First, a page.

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People watch as a vessel from the global shipping container company MSC departs Halifax Harbour in Halifax on Dec. 26, 2023.Darren Calabrese/The Canadian Press

Attacks by Houthis based in Yemen on ships in the Red Sea are delaying arrivals at the Port of Halifax and other terminals, driving up costs as vessels take longer routes to avoid the region.

Cargo ships travelling between Southeast Asia and Europe and North America are sailing around the southern tip of Africa as the Iranian-backed rebels launch missiles and drones in the passage that connects via the Suez Canal to the Mediterranean Sea.

The delays have forced shipping lines to deploy more vessels, crews, cargo containers and other equipment.

At the Port of Halifax, which receives vessels crossing the Atlantic Ocean from Europe, the Middle East and Southeast Asia, the longer route has pushed back the arrivals of most container ships in January. The online schedule shows many are several days late.

Paul MacIsaac, senior vice-president of the Halifax Port Authority, said the port is working with its partners to keep shipments moving.

“The shipping industry globally is being impacted by the situation in the Red Sea, and we are beginning to see some delays as shipping lines employ alternate routings around Africa,” Mr. MacIsaac said. “This has led to longer transit times and the need for additional ships and equipment being put into service. Accordingly, shipping rates are beginning to rise to cover these additional costs.”

The Houthis began attacking ships in the Red Sea in November, purportedly to demonstrate their support for Palestinians in Gaza amid the Israel-Hamas war. The United States and Britain have responded by striking Houthi missile launch sites in Yemen. The rebels struck a Greek freighter with a missile Tuesday; there were no reported injuries on the ship, which was headed to Israel from Vietnam.

The Harpex charter rates index, which tracks leasing prices for container ships, is up 10 per cent in January as shipping lines look for more vessels to replace those stuck in transit.

German container ship company Hapag-Lloyd is redirecting its liners around South Africa’s Cape of Good Hope, which adds a week to the transit time between Asia and the East Coast of North America and 12 days to Northern Europe. This is delaying arrivals of its ships in Halifax, Montreal and other ports, said Nils Haupt, a spokesman for Hapag-Lloyd.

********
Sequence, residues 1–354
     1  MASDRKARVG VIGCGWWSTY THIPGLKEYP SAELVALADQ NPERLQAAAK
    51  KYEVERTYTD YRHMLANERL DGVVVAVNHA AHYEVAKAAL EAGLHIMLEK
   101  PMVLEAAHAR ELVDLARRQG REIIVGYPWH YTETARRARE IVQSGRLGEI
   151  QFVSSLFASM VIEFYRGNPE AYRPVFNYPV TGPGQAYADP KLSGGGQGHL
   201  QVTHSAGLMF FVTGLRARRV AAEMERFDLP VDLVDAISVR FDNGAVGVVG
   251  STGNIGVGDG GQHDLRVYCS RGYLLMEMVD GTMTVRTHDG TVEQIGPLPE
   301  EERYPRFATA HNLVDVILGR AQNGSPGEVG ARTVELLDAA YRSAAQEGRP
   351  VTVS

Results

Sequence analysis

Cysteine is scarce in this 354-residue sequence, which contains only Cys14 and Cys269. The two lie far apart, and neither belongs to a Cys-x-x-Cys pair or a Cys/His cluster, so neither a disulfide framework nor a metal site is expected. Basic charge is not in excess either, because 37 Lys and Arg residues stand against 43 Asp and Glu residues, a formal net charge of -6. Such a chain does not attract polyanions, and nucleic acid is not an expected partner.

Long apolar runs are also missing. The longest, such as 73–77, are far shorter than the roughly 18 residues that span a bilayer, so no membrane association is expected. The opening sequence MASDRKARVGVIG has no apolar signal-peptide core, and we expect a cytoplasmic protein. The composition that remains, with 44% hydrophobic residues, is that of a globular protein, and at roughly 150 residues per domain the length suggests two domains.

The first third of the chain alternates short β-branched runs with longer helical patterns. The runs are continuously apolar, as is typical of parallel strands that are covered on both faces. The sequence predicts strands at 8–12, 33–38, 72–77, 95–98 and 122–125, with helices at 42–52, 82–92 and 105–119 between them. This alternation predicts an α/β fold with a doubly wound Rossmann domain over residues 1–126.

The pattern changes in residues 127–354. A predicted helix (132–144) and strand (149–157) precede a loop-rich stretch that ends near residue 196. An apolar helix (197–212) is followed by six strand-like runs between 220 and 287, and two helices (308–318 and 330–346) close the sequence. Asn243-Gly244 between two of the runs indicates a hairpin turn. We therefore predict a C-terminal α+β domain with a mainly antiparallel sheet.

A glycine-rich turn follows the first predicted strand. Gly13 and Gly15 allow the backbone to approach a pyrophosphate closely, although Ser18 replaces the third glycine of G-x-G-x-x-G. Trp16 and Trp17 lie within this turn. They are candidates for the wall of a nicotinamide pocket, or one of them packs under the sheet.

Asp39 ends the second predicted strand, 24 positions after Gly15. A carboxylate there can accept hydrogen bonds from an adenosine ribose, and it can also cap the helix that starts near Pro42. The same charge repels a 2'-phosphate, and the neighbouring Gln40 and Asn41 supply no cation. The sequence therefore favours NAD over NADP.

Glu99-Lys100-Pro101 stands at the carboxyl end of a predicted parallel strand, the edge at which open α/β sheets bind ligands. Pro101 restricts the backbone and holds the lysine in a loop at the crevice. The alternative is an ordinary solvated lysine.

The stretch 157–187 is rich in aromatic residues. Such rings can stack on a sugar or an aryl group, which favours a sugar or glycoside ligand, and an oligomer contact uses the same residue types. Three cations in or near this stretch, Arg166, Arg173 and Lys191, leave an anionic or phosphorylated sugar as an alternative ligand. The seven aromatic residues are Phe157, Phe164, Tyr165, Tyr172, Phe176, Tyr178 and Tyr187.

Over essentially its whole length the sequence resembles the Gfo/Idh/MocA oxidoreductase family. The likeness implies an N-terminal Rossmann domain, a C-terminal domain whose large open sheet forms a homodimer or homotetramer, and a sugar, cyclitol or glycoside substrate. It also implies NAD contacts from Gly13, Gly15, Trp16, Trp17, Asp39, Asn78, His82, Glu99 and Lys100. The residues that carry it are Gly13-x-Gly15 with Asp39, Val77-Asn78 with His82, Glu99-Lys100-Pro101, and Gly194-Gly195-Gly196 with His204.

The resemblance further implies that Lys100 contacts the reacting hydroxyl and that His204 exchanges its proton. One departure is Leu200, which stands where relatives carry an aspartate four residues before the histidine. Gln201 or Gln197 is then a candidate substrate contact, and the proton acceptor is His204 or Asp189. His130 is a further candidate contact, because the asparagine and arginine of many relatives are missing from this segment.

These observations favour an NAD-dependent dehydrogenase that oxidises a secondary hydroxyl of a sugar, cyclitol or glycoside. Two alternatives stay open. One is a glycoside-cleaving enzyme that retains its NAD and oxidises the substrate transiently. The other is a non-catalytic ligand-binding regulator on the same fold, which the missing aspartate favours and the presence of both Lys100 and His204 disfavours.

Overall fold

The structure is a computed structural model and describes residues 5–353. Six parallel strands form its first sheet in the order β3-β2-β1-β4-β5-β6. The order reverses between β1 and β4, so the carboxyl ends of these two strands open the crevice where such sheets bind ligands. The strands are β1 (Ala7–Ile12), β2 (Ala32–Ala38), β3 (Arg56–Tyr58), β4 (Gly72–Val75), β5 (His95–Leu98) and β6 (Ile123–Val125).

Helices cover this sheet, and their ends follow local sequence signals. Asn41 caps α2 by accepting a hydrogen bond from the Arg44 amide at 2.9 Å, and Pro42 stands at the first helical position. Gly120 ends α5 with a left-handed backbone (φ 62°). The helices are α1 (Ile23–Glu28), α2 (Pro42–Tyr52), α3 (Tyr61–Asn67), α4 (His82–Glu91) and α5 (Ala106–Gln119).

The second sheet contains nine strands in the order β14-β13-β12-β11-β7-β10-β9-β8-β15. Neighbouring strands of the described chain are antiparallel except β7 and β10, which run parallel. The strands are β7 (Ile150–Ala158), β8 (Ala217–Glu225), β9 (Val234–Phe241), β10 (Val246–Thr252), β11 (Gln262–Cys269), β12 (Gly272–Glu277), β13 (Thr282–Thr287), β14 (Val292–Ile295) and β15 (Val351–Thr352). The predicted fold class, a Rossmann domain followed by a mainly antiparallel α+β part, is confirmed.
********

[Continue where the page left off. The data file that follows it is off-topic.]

The longer voyages also mean it can take longer to return the empty containers to Asian ports for refilling. This is on top of the additional fuel and labour costs, which are partly offset by avoiding the Suez Canal tolls, said Simon Heaney, an analyst at U.K.-based Drewry Shipping Consultancy Ltd.

The cost to ship a container from Shanghai to New York rose 35 per cent to US$5,600 this week from last week and 21 per cent, to US$6,300, to Genoa, Drewry said. The average price on eight major routes is up 82 per cent over the same week last year and is the highest since the pandemic-inflated price in October, 2022.

“It’s a bit of fear and panic,” Mr. Heaney said by phone.

Also driving up costs are the slower traffic on the world’s other major shipping lane, the Panama Canal, because of lower water levels, as well as strong demand for shipments ahead of the Chinese New Year shutdown, Mr. Heaney said.

Bob Ballantyne, a senior adviser at the Freight Management Association of Canada, which lobbies on behalf of major retailers and manufacturers, said he has heard from members that shipping costs are rising amid the disruptions. This is particularly acute for companies that receive goods at the Port of Halifax, he said.

Before long, his association’s members will be passing on those higher costs, Mr. Ballantyne said by phone from Ottawa. “It certainly will flow through to the consumer, that’s for sure.”

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